Such is the motive which prevents us from laying before the Academy the results of our experiments, and which oblige us to confine ourselves to a plain statement of facts, consisting merely of ex parte stalements and opinions.- London Repertory of Arts, Sciences and Manufactures, January, 1819.




Banks of the State and Cily of New York, 9 December, 1818.
N. Y. City Banks. Al others.

Total. Loans and disct's to directors and brokers, $37,532,352 $32,201,539 $ 69,733,891 do. directors,

2,986,229 2,275,512 5,265,041 Due from brokers,

1,474,872 617,364 2,092,236 Real estate, :

2,056,272 1,418,316 3,475,038 Bonds and mortgages,

127,194 2,527,361 2,654,553 Stocks,

4,350,797 8,095,961 12,476,758 Promissory notes other than for loans & dis. 78,072 76,583 154,660 Loss and expense account,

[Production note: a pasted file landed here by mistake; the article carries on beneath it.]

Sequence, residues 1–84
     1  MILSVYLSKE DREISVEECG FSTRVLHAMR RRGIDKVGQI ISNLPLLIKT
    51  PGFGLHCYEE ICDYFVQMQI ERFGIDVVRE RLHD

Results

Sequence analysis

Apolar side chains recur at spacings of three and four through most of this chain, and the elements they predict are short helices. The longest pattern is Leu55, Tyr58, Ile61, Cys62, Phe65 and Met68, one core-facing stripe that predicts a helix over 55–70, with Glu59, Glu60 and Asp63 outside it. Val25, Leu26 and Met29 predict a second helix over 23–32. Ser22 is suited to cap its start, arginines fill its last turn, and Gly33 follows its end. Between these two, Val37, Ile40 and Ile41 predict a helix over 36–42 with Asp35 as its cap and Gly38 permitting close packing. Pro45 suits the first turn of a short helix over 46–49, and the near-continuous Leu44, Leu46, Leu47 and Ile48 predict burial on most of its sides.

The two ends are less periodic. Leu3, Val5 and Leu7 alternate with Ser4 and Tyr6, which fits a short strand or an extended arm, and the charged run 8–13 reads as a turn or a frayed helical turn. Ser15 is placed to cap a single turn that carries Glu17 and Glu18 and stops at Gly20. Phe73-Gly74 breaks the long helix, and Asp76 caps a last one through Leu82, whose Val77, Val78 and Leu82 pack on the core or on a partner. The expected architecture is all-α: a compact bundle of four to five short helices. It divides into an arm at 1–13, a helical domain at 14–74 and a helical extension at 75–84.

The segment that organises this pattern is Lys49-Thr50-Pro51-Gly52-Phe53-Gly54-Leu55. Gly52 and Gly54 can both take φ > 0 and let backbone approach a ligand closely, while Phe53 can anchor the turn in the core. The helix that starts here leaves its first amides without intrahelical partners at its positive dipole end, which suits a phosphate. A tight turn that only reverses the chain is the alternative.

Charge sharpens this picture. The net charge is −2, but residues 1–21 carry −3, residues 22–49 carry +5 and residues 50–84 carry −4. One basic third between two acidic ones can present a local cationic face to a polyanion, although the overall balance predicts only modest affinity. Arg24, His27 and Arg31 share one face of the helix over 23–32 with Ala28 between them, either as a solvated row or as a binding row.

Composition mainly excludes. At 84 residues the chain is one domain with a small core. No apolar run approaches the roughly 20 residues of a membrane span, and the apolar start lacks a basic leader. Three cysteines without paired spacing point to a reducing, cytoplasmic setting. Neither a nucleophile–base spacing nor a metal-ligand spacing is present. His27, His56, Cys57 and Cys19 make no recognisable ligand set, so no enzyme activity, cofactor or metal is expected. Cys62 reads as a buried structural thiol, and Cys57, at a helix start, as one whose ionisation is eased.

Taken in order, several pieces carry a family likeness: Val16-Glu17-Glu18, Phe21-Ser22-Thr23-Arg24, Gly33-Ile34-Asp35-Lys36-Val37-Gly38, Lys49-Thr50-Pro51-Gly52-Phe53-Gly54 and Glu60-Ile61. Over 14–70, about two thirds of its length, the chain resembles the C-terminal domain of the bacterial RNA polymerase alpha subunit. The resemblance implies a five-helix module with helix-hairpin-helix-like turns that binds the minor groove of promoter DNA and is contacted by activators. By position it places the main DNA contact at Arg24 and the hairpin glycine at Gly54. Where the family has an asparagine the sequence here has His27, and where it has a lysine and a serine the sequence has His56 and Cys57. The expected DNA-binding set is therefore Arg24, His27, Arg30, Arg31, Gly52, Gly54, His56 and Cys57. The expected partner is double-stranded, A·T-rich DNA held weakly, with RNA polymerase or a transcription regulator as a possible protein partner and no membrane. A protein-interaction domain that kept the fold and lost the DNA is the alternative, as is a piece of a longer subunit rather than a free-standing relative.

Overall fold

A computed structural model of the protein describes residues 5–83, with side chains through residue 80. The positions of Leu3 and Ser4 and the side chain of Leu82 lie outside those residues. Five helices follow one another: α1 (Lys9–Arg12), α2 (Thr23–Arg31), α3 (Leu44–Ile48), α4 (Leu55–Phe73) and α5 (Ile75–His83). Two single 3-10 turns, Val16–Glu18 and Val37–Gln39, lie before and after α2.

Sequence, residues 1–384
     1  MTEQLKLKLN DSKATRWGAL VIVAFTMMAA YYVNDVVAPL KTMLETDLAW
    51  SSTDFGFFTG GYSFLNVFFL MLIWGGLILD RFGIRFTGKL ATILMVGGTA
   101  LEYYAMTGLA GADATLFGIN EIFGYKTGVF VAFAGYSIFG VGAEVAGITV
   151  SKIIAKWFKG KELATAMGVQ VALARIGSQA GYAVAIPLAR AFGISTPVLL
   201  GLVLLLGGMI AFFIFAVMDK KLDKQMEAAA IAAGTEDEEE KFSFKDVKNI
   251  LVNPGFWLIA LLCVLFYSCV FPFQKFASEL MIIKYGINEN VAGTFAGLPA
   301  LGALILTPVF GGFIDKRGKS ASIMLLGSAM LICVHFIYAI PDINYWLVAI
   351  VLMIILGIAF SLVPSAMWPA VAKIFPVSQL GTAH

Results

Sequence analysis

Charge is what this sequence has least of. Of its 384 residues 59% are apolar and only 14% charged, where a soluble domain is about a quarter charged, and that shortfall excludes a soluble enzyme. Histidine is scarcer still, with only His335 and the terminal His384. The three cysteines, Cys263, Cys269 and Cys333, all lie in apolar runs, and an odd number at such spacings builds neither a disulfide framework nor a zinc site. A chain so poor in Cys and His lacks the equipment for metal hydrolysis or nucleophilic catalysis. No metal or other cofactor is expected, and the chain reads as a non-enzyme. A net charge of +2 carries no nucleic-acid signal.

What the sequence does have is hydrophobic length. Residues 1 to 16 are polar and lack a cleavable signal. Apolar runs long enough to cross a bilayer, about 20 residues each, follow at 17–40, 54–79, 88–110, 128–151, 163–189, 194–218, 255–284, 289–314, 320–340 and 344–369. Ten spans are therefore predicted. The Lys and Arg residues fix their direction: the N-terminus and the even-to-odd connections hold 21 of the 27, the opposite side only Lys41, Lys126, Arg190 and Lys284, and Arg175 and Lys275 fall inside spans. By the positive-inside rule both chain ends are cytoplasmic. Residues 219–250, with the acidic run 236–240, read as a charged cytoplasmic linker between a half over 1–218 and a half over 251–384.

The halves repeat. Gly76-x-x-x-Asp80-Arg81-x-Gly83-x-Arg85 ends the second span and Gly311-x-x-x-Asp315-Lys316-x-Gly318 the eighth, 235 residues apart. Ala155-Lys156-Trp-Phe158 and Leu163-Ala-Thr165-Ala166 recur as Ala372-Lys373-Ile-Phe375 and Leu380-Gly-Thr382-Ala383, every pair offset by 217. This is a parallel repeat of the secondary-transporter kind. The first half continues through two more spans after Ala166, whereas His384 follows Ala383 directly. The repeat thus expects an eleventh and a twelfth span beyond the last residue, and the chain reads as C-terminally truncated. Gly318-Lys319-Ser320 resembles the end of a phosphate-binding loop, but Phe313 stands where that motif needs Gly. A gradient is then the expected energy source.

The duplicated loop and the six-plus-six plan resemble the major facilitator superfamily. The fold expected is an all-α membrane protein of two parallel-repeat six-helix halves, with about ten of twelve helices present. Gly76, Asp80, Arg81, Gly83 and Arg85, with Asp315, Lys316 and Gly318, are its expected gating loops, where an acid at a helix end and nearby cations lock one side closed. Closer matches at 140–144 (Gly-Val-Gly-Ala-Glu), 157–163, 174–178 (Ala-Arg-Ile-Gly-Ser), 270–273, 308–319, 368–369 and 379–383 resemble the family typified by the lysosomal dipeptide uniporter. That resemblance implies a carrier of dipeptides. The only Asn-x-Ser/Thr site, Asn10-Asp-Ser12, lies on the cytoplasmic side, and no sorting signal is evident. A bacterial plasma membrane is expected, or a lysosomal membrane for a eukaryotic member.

305,914 326,159 632,103 Overdrafts,

35,474 130,633 166,107 Specie,

5,850,424 967,390 6,817,514 Cash items,

5,294,395 661,077 5,955,472 Bills of solvent banks on hand,

660,824 1,799,440 2,460,264 Bills of suspended banks on hand,


46,592 Due from solvent banks on demand,

2,941,324 5,320,934 8,762,255 Do. do. on credit,

406,352 406,352 Due from suspended banks on demand, . 29,595 233,930 313,525 Due froin suspended banks on credit,


4,418 Total Resources,

$63,753,733 $57,663,339 $121,417,127



$24,149,910 $20,180,643 $44,330,553 Protits,

3,261,060 3,374,389 6,635,449 Notes in circulation not registered,

307,671 377,266 634,937 Do. do. registered, .

5,475,727 17,045,625 22,521,352 Due Treasurer State of New York,

106,675 1,980,630 2,037,305 Due Commissioners of Canal Fund,

120,123 885,532 1,005,655 Due depositors on demand,

21,442,148 7,763,154 29,205,333 Due indiv's & corp's other than b’ks & dep's, 69,124 449,426 513,550 Due banks on demand,

8,470,271 4,059,479 12,525,750 Due banks on credit,

782,337 702,337 Due to others not included in either of the above heads,

352,092 629,637 981,729 Total Liabilities,